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This article was published 6/5/2014 (1174 days ago), so information in it may no longer be current.
A dispute over who should have control over the purse strings of the Ochre River Fire Department has led firefighters to hand in their two-weeks notice.
Firefighters in the rural municipality, which has approximately 945 residents and is located southeast of Dauphin, handed their notice in on May 2 and will take an indefinite leave of absence due to unresolvable issues with the council and administration.
Deputy Fire Chief Jason Gryba, who has worked in the fire department for 14 years, said it has been four years of fighting between the two parties.
“It’s not working for us and we’re frustrated,” Gryba said. “We’re exhausted by the conflict and we believe we’ve been more than fair trying to work things out but nothing has changed.”
At the epicentre of the conflict is how money is administered to the fire department.
Gryba said council’s system and policy is too onerous and that the department should be granted autonomy over their portion of the budget.
“If I buy something for the fire department, I have to finance it myself, hand in a receipt and then wait up to two weeks for it to be approved at a council meeting,” Gryba said. “I’m no longer in a position to fund the fire department out of my pocket and wait to be reimbursed.”
Last year, council, firefighters and representatives from Manitoba Local Government had a meeting to try to resolve the issues.
Under the Municipal Act, granting full autonomy to the department is impossible because the money comes from ratepayers in the RM. However, Gryba said he knows other municipalities who do it, but that it requires confidence in the leadership at the fire department.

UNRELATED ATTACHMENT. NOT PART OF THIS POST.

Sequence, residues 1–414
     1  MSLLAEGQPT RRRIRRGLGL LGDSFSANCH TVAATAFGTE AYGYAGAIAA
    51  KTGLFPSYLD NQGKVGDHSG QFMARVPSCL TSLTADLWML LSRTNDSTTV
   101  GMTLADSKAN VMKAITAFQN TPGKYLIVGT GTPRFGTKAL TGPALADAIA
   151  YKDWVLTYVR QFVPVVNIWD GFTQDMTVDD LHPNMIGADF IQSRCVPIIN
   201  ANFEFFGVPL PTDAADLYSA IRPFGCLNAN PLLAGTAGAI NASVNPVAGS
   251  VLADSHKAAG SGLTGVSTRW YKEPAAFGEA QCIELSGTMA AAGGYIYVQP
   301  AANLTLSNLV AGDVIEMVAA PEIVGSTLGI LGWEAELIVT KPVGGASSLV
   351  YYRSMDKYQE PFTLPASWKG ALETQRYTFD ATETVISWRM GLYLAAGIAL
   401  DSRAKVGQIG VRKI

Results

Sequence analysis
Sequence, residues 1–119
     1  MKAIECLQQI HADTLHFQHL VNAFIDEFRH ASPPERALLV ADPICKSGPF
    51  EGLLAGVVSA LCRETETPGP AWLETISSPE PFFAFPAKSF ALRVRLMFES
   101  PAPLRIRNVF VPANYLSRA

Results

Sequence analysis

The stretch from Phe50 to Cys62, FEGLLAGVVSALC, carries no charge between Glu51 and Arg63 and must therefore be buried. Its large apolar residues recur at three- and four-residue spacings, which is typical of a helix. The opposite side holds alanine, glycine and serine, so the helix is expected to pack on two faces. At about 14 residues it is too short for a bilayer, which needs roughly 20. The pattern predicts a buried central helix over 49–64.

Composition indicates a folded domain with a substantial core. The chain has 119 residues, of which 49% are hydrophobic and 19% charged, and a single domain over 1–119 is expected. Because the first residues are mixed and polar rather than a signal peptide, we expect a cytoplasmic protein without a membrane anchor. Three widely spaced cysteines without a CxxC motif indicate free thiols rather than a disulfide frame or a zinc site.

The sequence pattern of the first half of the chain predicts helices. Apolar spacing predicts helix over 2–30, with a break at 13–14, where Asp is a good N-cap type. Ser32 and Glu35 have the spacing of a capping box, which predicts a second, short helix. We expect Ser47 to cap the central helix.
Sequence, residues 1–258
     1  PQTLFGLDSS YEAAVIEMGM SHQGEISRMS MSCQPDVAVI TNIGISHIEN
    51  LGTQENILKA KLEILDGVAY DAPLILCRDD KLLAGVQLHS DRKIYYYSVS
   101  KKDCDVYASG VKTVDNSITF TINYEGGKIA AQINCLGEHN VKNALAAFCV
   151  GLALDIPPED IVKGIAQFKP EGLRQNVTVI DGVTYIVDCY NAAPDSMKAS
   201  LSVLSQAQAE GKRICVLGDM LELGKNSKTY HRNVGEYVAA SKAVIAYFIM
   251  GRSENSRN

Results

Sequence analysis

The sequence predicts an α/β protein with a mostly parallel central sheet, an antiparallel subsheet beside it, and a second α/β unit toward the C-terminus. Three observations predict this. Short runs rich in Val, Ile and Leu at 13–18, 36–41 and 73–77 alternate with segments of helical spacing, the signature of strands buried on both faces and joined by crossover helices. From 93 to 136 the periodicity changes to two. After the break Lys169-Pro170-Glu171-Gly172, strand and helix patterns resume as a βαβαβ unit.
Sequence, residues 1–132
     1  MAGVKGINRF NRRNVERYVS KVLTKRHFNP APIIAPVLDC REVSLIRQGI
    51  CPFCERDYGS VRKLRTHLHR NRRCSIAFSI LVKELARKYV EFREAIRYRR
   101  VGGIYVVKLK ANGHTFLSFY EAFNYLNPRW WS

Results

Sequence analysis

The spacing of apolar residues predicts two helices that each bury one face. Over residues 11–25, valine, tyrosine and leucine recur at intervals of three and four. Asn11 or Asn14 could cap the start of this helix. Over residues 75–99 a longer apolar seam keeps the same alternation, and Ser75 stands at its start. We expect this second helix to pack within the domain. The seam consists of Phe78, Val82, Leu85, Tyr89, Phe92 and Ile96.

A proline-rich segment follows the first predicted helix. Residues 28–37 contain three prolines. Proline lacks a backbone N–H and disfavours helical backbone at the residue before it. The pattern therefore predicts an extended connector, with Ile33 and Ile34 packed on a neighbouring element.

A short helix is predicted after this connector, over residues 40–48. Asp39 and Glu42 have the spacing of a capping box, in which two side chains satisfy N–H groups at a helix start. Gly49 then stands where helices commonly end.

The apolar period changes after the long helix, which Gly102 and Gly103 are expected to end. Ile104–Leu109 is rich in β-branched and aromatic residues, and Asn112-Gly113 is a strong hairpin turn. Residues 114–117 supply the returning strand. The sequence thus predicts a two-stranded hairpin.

“It requires a great deal of trust because there is the potential of loss of ratepayer money to dishonesty, but we have never had a problem in the past,” Gryba said. “All we want to do is carry on without the interference, stress and fighting that we’ve had over the last four years.”
Reeve Clinton Cleave said the matter isn’t about trust. Instead, it’s about being responsible to the ratepayers in the RM.
“We want to ensure transparency and accountability, and follow the Municipal Act as it’s laid out in front of us,” Cleave said.
He admits there are personality conflicts between some of the RM’s administration and the fire department staff.
At the end of the day, however, the administrator’s job is to ensure there is a paper trail for every dollar of ratepayer money spent in the municipality.
“That’s what she’s hired to do,” Cleave said. “Her job is to seek out revenue and expenses and know where everything is going to and from.”
The firefighters’ notice could mean the department will be shuttered as early as May 14.
Cleave said council has a scheduled meeting the day prior, but could call an emergency meeting to deal with the problem.
“It came at us fast and we were definitely blindsided,” Cleave said. “Regardless of what happens, there will be fire protection in place. The question is who it will be and how much it will cost.”
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